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Commons Chamber

Volume 654: debated on Tuesday 27 February 1962

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House Of Commons

Tuesday, 27th February, 1962

The House met at half-past Two o'clock


[Mr. SPEAKER in the Chair]

Oral Answers To Questions


Dsir (Research Stations)


asked the Parliamentary Secretary for Science how many research stations are run, or grant assisted, by the Department of Scientific and Industrial Research; and which of these are in the northern region.

The Department of Scientific and Industrial Research has 15 research stations, and also makes grants to 52 research associations, of which 47 have research stations. Of these last, the Parsons and Marine Engineering Turbine Research and Development Association (PAMETRADA), one of the larger research associations, is in the northern region, in Newcastle.

Is the Parliamentary Secretary aware that research stations are as important as factories to the North-East, both as stimulants and as a means of employment for science graduates, many of whom have to leave the area in order to find work? Will he look into that aspect of the matter?

I will certainly look into this matter, but the hon. Member will agree that the siting of co-operative industrial research establishments and laboratories is a matter primarily for the industrial members of the research association, who pay far and away the majority of the subscriptions.

River Trent, Burton-On-Trent


asked the Parliamentary Secretary for Science what conclusions the Department of Scientific and Industrial Research came to, and what advice was given by them, as a result of the experiments carried out at Wallingford on the large-scale model of the Burton-on-Trent reaches of the River Trent, and if he will send to the hon. Member for Burton a copy of the report made on this experiment.

I shall be happy to send a copy of this report to my hon. Friend. The conclusions reached are not capable of brief summary, since several alternative improvement schemes were considered.

In congratulating the Department of Scientific and Industrial Research and the Trent River Board on undertaking and carrying out this experiment, may I ask my hon. Friend if he can tell me whether there is any valid reason at all why the citizens of Burton should not be told what is contained in this report?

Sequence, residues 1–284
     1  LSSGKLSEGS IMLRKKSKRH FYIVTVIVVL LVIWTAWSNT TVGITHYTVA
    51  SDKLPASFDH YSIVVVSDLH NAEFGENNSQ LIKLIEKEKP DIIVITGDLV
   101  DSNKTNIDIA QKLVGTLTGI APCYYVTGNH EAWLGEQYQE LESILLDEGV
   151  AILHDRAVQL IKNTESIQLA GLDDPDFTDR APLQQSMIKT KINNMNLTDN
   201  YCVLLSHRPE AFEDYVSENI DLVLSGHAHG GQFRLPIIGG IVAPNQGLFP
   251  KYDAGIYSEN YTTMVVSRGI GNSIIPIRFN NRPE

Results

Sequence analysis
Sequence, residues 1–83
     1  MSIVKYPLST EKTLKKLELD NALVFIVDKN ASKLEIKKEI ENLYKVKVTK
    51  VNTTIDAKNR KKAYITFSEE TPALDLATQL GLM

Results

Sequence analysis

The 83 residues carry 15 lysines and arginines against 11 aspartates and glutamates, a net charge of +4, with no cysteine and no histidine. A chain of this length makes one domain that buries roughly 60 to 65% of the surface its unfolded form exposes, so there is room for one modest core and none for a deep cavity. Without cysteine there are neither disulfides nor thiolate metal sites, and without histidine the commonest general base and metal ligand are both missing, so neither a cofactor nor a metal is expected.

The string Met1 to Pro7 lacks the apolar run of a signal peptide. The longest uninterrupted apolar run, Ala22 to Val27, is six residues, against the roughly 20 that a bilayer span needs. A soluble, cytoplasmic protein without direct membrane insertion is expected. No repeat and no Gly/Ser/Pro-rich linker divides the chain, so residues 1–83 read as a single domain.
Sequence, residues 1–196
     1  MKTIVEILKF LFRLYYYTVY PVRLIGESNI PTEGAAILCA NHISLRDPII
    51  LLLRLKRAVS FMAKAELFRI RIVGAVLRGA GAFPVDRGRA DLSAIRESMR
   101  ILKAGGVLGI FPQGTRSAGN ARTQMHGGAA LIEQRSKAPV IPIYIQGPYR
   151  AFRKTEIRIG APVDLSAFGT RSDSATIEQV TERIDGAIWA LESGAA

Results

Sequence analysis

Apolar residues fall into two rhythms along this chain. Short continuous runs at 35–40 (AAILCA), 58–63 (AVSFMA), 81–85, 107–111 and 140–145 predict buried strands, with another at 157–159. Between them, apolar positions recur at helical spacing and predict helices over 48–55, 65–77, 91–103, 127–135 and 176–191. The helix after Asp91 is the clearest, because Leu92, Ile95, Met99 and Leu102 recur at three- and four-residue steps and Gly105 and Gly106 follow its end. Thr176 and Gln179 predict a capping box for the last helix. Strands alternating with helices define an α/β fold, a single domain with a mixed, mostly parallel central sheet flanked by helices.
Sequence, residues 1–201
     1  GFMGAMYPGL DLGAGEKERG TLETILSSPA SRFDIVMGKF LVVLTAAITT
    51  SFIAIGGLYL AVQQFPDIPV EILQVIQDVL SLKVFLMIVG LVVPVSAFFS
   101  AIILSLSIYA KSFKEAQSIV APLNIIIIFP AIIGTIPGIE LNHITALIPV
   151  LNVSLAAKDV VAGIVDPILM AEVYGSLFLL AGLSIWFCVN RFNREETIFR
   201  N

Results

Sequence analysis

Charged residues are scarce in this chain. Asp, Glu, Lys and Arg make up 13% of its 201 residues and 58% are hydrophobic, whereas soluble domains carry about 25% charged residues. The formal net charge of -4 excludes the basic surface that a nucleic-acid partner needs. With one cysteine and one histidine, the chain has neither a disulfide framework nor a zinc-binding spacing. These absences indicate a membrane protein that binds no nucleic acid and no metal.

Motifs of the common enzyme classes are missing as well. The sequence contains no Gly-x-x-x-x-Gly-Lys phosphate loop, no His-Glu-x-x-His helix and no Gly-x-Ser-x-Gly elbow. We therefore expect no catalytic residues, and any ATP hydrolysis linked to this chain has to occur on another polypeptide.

This report was made by the Hydraulics Research Station for the Trent River Board and was submitted to it. However, I am sending a copy to my hon. Friend, and he can make such use of it as he thinks fit.

The investigation was carried out in order to discover the probable effect on the River Trent, and flood levels in and near Burton, of removing Drakelow Weir and of realigning the river channel there and of certain additional channel improvement schemes in Burton.

Boiling Water Reactor


asked the Parliamentary Secretary for Science what plans he has for the building of an experimental boiling water reactor of a type suitable for installing in ships.

I am informed by the Atomic Energy Authority that it has no present plans for building an experimental boiling water reactor, but that an advanced design is under study.

Will not the result be to put us further and further behind the Americans, since the amount spent on research is so very little?

I do not think so. As my hon. Friend will recall, in the Adjournment debate which we had on this subject before Christmas, it was stated that the Atomic Energy Authority is investigating the possibilities of four major reactor systems. As for the boiling water reactor system, it is the Authority's opinion that the existing designs afford no economic incentive to proceed with the system. That is why it is making further design studies.